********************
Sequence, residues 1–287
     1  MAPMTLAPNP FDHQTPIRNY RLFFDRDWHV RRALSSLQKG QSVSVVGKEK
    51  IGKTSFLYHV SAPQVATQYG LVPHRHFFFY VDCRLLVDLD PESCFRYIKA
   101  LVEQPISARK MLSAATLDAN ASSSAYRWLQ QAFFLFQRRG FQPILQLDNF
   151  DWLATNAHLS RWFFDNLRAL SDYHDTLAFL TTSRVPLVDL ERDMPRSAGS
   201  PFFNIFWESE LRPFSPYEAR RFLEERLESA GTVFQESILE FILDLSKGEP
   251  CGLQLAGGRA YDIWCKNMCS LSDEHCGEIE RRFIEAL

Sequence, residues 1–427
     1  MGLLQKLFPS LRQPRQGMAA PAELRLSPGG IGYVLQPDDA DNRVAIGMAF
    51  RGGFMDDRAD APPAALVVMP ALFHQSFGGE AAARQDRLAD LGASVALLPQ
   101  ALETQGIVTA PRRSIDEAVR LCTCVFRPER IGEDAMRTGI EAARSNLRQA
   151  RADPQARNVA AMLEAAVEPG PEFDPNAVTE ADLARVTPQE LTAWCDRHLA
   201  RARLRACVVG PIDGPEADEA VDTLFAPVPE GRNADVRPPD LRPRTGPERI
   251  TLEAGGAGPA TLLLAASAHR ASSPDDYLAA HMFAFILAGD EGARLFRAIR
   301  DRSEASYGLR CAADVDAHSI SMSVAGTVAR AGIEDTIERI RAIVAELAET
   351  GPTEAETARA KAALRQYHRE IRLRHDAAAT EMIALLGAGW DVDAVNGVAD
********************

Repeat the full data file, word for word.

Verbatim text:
Sequence, residues 1–287
     1  MAPMTLAPNP FDHQTPIRNY RLFFDRDWHV RRALSSLQKG QSVSVVGKEK
    51  IGKTSFLYHV SAPQVATQYG LVPHRHFFFY VDCRLLVDLD PESCFRYIKA
   101  LVEQPISARK MLSAATLDAN ASSSAYRWLQ QAFFLFQRRG FQPILQLDNF
   151  DWLATNAHLS RWFFDNLRAL SDYHDTLAFL TTSRVPLVDL ERDMPRSAGS
   201  PFFNIFWESE LRPFSPYEAR RFLEERLESA GTVFQESILE FILDLSKGEP
   251  CGLQLAGGRA YDIWCKNMCS LSDEHCGEIE RRFIEAL

Sequence, residues 1–427
     1  MGLLQKLFPS LRQPRQGMAA PAELRLSPGG IGYVLQPDDA DNRVAIGMAF
    51  RGGFMDDRAD APPAALVVMP ALFHQSFGGE AAARQDRLAD LGASVALLPQ
   101  ALETQGIVTA PRRSIDEAVR LCTCVFRPER IGEDAMRTGI EAARSNLRQA
   151  RADPQARNVA AMLEAAVEPG PEFDPNAVTE ADLARVTPQE LTAWCDRHLA
   201  RARLRACVVG PIDGPEADEA VDTLFAPVPE GRNADVRPPD LRPRTGPERI
   251  TLEAGGAGPA TLLLAASAHR ASSPDDYLAA HMFAFILAGD EGARLFRAIR
   301  DRSEASYGLR CAADVDAHSI SMSVAGTVAR AGIEDTIERI RAIVAELAET
   351  GPTEAETARA KAALRQYHRE IRLRHDAAAT EMIALLGAGW DVDAVNGVAD